The badly injured British soldier was relatively easy to find, and I was able to speak with him by phone just before the 50th anniversary of the Six-Day War. Although I know thanks were extended by the U.S. Secretary of State for British help, he told me that I was the first person to personally thank him in 50 years, saying “it’s not the British way.”
But trying to find survivors who remembered a wartime incident more than 70 years earlier required all the skills my father and the Foreign Service taught me: empathy, determination, and an understanding of how to use help and contacts.
With the aid of a Dutch military tour guide and the local newspaper, I found the farm. The potato cellar had been unique in that part of Germany, and all the children played in it. Although the farmhouse no longer exists, the farmer’s son kindly found an old photograph which I was able to show my father the night before he died.
Amazingly, I found an 80-year-old man who had been an 8-year-old boy in the “Be Merciful” cellar. He told me he was too young then to know how close to death he had been.
On March 24, 2017, the 72nd anniversary of Operation Varsity, on a windswept field in Hamminkeln, Germany, a bilingual commemorative plaque was dedicated to John Kormann and the “Be Merciful” incident.
Eighty people attended, including Germans and Americans of the Scions of the 17th Airborne Division (children of servicemen, like me), and the Dutch Margraten Memorial Group that has adopted the graves of fallen U.S. soldiers.
Local German schoolchildren researched their area’s role in World War II, welcomed by the school as a way to discuss the difficult subject of Germany’s wartime actions. Some of them spoke at the dedication ceremony, saying: “It was very dangerous and courageous what your father did. But he did it nonetheless.”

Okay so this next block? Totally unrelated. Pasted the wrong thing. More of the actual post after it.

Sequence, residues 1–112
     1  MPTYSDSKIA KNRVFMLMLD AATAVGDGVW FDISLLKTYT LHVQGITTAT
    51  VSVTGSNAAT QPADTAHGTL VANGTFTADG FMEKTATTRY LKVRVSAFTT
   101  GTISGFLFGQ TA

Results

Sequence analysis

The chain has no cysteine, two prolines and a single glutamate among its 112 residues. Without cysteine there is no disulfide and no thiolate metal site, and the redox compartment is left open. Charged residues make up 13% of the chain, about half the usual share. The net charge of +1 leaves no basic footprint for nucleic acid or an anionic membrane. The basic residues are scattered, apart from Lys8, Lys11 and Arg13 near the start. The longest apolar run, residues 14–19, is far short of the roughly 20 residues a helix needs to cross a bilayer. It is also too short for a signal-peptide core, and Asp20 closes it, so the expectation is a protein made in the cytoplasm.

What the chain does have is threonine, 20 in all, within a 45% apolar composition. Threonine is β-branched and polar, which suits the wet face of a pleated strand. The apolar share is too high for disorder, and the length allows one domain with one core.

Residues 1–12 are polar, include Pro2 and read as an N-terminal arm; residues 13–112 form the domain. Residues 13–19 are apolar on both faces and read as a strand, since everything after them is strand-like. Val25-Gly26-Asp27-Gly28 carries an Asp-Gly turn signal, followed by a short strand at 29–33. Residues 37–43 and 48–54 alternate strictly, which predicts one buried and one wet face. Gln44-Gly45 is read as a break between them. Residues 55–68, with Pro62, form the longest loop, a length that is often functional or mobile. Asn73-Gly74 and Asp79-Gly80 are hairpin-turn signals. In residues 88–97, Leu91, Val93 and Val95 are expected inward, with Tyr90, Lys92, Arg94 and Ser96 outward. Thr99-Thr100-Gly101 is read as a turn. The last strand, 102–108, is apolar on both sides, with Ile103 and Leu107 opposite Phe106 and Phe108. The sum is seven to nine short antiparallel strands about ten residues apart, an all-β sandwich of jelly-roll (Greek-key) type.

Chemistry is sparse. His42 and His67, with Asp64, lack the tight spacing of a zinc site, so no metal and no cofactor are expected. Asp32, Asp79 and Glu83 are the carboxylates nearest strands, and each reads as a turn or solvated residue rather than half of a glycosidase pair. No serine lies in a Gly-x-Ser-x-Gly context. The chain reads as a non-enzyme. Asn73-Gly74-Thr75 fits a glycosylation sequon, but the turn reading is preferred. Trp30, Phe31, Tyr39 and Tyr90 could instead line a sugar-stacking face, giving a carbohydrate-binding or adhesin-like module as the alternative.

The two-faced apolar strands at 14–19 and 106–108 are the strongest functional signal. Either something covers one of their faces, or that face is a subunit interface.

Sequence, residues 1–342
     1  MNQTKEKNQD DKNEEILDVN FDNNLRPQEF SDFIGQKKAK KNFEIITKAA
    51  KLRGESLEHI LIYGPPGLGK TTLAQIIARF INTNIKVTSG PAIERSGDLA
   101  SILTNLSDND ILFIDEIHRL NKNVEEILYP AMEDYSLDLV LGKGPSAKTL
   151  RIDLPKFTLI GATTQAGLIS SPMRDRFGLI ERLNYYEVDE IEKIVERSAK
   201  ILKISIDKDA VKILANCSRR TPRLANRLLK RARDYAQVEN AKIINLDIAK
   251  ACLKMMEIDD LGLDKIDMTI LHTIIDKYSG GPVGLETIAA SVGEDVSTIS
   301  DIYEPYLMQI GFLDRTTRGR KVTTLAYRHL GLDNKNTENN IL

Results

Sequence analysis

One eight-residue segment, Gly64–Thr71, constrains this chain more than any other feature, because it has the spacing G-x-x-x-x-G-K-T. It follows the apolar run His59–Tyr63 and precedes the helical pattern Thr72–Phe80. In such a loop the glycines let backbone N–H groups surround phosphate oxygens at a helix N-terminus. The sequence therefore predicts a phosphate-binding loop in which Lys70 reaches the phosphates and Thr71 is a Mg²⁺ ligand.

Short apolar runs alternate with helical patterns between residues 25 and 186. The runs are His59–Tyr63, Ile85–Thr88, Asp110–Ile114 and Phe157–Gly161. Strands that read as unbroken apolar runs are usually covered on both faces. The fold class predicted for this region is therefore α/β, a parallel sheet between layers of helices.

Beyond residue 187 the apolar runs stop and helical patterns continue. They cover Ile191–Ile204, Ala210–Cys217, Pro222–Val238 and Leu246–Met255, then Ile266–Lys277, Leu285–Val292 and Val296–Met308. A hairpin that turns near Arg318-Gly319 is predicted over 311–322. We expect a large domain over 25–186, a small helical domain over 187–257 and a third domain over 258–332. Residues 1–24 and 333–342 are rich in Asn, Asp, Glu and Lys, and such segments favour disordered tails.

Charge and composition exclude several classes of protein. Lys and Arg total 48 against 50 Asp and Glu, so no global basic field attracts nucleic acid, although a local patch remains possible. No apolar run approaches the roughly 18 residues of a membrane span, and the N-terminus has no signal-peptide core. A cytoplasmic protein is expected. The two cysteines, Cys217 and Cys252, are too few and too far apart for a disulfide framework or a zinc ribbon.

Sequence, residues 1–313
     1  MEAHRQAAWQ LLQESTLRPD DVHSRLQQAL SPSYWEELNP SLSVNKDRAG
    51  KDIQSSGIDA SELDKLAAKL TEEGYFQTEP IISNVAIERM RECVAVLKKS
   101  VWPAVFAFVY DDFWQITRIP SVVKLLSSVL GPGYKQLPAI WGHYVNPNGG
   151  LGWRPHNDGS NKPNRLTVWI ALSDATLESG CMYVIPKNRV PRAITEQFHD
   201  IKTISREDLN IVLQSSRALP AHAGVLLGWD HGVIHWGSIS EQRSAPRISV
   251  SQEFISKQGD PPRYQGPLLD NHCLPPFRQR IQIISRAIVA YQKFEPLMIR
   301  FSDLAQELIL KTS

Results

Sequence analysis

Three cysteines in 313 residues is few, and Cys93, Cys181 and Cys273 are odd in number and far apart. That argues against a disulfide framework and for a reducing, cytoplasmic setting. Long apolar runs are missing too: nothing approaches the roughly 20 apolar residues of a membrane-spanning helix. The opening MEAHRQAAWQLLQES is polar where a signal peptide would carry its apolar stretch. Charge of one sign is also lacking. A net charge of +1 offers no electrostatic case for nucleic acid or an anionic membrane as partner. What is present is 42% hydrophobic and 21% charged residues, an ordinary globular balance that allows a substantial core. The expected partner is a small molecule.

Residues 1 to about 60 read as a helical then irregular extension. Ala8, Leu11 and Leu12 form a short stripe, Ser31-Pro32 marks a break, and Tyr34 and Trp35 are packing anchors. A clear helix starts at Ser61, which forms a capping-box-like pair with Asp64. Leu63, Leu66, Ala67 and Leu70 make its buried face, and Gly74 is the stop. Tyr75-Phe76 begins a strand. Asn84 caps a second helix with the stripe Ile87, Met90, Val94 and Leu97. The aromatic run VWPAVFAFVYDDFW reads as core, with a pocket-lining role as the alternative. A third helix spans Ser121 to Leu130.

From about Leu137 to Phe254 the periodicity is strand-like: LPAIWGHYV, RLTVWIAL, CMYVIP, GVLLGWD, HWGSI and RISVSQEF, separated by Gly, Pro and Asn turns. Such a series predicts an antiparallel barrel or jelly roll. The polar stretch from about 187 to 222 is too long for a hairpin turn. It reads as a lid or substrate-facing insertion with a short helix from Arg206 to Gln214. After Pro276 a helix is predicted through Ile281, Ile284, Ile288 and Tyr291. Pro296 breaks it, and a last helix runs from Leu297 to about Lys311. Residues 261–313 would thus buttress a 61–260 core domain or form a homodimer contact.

“There are still so many wars going on in this world. That’s why it’s so important to commemorate acts of humanity like this of Mr. Kormann. It shows us what unifies all people on earth despite their different cultures, nationalities and religions.”
When I met the elderly cellar survivors, I was struck by their vivid childhood memories of colored parachutes, the GIs who were farm boys helping to milk cows, and how the GIs then gave them chocolate, which they shaved into warm milk and instant coffee (and still love drinking).
I arranged a lunch to follow the dedication, where each elderly German getting up encouraged the others to speak in front of an international audience and, crucially, the young people of the town. That turned out to be the first time most of them had ever told their stories in public.
Dutch TV picked up the “Be Merciful” story and filmed a documentary, “Closer to Freedom,” which is now being used in schools. The National Liberation Museum in Groesbeek, Netherlands, is suggesting that the European Union–funded Liberation Route Europe add Hamminkeln to its locations. To my knowledge, this is the only commemorative plaque concerning an act of valor by an American in North Rhine Westphalia, which was part of the British Occupied Zone following World War II. The German owners of the “Be Merciful” farm have submitted a proposal to create an Operation Varsity museum.
After the war, my father joined the Foreign Service and served overseas in Bavaria, Manila, Benghazi and Cairo—accompanied by my mother, my two brothers and me. His focus was political-military affairs, and he participated during a crucial period—implementing the Marshall Plan, witnessing Marcos’ accession amid the strains of the Vietnam War, experiencing Libya’s turmoil and, in Cairo, facilitating Henry Kissinger’s shuttle diplomacy and the largest Defense Department and USAID programs at that time.
We are blessed in the Foreign Service with extraordinary lives observing and forming history. Let us capture them for posterity. Whether through video, or writing an autobiography as my father did, record your experiences for your descendants. Do it while you are young enough to get feedback in your lifetime: your memories will trigger others, to the great joy of all.
My father’s deathbed request seemed an overwhelming burden at first, but it turned out to be his greatest gift to me.